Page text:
Overall, I like the defensive posture rather than playing barnyard hockey, like this team did a lot of last year, but there is one problem in letting off the gas totally on offense: you sometimes put the fate of the game into the hands of the referees, and that is not a good thing.

- As for the two clowns in striped shirts tonight, Ian Walsh and T0m Kowal, they were horrible and they played a part in both Florida tallies. On the first Panthers goal, Dennis Wideman has his shot blocked at the right point by Mike Santorelli. It was a clean block but #13 followed through and took Wideman out and instead of what should have been an automatic interference call, Michal Repik and Bill Thomas get a two on one break on John Erskine, which they bury. Erskine and the Caps would be victimized again by bad officiating as #4 was called for tripping when he went to the ice to block the passing lane and slid into the rear boards with just under four minutes remaining. Erskine never touches Keaton Ellerby, who jumps in the air and avoids the Caps defenseman but falls to the ice. The zebras incorrectly rule tripping and Florida gets a cheap power play. Then Wideman gets correctly called for slashing setting up the two man advantage that the Cats use to tie the game up at 17:24 and send the tilt to OT. What is more amazing is that Florida had six power plays to just one for Washington on Sunday after the Caps only had one power play against St. Louis on Thursday night. The imbalance is maddening and the Capitals bench boss was not thrilled about it afterwards.

“I’m glad we just answered, seven penalties to one, quite a discrepancy,” started Boudreau in his post game presser talking about winning the game despite the penalty imbalance, “Everybody complains about our power play and rightfully so, it’s not doing that well, but it’s really hard to get a consistency or momentum on it when you are getting one power play a game. I know we deserved some of those penalties but they deserve some that they didn’t get either and I don’t understand the discrepancies, it happens way too often,” finished the Caps coach on the disturbing trend.

I said this after Thursday’s contest and I’ll say it again, you want to really tell me that the Panthers only committed one stinking penalty all night??!! No way, and it is frustrating, especially when you see Ovechkin get dumped right off of the face-off down the stretch directly in front of the referee. The officiating continues to make no sense, and anyone who watched the Flyers-Rangers first period on Sunday knows what I am talking about. I have no idea why Brian Boyle was given an instigator in his fight with Jody Shelley today but I guess that is what you have to expect with the NHL zebras these days??!!

Notes:  The Caps lost the faceoff battle, 33-32…John Carlson (23:49) and Karl Alzner (23:03) led the Caps in ice time. Wideman (22:37) and Scott Hannan (21:54) were the next pair with the most playing time…Boudreau only played Ovechkin 16:53 and Backstrom 17:51 so it looks like he was saving his big guns for the big matchup with the Bolts on Monday. The lack of power play time diminshed their totals as well (thanks blind zebras!)…The Great #8 had four points in the last meeting between the two Southeast Division leading clubs in Tampa in early February…Tyler Sloan played 12:42 in place of a scratched Jeff Schultz. No word on if #55 is nicked up or if Boudreau didn’t like the matchup for Sarge against a faster Florida team in the first half of back to back tilts…the Caps only had 25 shots on net…special thanks to Comcast for running Boudreau’s post game presser which allowed me to re-publish his quotes.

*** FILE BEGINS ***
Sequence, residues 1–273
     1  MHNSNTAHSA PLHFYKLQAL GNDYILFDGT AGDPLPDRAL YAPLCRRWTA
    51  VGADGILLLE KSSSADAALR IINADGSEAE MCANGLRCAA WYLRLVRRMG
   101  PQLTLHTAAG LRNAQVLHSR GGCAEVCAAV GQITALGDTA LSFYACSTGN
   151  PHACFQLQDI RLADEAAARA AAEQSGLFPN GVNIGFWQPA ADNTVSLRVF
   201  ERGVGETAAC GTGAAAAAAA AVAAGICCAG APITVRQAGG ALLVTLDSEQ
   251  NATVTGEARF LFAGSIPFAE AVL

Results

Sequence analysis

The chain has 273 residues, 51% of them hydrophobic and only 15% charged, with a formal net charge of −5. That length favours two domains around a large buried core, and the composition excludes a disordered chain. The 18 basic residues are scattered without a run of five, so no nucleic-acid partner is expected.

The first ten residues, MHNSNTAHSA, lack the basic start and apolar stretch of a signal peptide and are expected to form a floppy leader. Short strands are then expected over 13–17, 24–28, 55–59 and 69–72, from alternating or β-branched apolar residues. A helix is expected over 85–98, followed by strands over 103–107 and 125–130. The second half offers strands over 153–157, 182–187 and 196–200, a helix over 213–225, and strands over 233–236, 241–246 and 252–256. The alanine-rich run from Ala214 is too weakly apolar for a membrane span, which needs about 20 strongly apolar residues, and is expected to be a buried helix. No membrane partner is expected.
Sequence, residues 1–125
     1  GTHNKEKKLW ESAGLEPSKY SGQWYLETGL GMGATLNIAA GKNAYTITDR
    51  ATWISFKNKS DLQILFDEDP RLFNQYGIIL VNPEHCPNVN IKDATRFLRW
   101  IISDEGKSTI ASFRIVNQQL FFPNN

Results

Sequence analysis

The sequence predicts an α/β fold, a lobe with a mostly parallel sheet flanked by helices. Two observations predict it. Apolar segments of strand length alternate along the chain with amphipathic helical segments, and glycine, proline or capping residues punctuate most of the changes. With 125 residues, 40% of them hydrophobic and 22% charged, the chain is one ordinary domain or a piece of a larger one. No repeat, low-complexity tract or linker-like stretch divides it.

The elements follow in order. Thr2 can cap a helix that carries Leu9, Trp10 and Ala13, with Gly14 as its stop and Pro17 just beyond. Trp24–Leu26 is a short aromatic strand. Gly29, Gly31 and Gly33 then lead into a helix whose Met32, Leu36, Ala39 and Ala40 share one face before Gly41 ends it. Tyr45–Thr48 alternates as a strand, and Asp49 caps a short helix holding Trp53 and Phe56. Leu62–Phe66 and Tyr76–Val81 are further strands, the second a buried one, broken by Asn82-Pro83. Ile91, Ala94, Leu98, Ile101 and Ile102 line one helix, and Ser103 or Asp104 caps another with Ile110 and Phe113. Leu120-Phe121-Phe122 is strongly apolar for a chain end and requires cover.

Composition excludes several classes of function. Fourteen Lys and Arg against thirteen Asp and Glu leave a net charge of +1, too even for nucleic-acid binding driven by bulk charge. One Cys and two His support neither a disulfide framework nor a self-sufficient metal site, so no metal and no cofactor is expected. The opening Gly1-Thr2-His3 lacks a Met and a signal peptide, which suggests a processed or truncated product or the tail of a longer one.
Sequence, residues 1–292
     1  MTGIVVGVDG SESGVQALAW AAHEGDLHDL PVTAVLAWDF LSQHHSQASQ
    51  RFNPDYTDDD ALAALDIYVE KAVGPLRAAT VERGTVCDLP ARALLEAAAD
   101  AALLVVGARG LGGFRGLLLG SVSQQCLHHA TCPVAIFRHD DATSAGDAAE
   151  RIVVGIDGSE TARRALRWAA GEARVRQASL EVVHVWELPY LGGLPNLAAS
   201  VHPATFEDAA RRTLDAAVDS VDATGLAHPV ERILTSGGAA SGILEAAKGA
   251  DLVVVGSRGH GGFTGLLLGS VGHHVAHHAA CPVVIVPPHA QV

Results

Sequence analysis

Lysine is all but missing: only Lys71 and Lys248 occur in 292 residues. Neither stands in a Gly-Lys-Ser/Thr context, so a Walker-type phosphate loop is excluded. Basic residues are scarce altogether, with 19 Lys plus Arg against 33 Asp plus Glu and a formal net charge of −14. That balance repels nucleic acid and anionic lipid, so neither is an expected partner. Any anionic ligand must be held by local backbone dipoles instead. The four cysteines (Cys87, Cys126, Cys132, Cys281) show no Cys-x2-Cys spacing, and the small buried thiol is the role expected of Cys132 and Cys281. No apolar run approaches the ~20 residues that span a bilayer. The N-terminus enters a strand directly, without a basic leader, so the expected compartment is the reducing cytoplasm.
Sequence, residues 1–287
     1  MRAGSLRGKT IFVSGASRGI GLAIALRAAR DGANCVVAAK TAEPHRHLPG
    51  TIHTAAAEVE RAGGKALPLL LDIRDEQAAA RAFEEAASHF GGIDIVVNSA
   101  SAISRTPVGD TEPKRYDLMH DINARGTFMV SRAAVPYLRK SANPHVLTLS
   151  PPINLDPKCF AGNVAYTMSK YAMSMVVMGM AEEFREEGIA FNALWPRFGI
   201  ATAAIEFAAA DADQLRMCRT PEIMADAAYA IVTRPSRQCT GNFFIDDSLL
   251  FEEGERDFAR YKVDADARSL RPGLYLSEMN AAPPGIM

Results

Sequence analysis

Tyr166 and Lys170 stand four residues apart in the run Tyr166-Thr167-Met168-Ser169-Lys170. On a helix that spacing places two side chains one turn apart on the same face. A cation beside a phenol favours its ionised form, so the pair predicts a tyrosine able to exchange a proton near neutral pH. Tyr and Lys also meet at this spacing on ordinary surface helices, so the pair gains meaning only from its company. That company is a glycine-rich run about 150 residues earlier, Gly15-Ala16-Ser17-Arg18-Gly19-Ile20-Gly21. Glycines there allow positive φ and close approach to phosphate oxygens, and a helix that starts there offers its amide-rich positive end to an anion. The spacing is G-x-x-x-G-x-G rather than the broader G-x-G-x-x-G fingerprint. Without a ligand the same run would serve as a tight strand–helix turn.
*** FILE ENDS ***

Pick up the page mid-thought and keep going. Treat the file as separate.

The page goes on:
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Bad Opening Period Costs Caps 8th Straight Loss

Posted on 19 December 2010 by Ed Frankovic

The Washington Capitals came within one of setting a club record for shots on goal in a period (26) on Saturday night in Boston, and still lost. Thanks to a terrible opening first stanza in Beantown, one in which the Bruins scored three goals on 11 shots, a furious Caps rally came up one goal short and the result was Washington’s eighth straight defeat. Patrice Bergeron, Andrew Ference, and Blake Wheeler all tallied for Boston while Matt Bradley and Karl Alzner lit the lamp for DC in a tough 3-2 defeat. The Caps now drop to 18-12-4 and have given up the Southeast Division lead to the Atlanta Thrashers, who thrashed the New Jersey Devils, 7-1, this evening. Atlanta now has 41 points and Washington is one back, but they are also tied with the Tampa Bay Lightning, who also have a game in hand on both teams. So technically, the Caps are in third place in the Southeast Division and reside in 7th place in the Eastern Conference.

Here are the highlights and analysis from another close Capitals loss:

- I don’t know what was said by either the coaches or the players before the Caps came out for period one, but whatever it was it should never be used again. Washington played scared and tight in that opening stanza and just about every Capital was making mistakes, primarily because they were trying too hard and over thinking. Time after time there were one or two Capitals in position to make a play and they couldn’t come up with it. It was simply bad hockey and it cost Washington the game. I will label that opening 20 minutes the “Diamond Period” because to borrow a phrase from Ferris Bueller, the way the Caps played in that frame, had you stuck a lump of coal up the rear of each Capital, by week’s end that is what you’d have from each of them, a diamond! You simply cannot win playing hockey if you are afraid to make mistakes!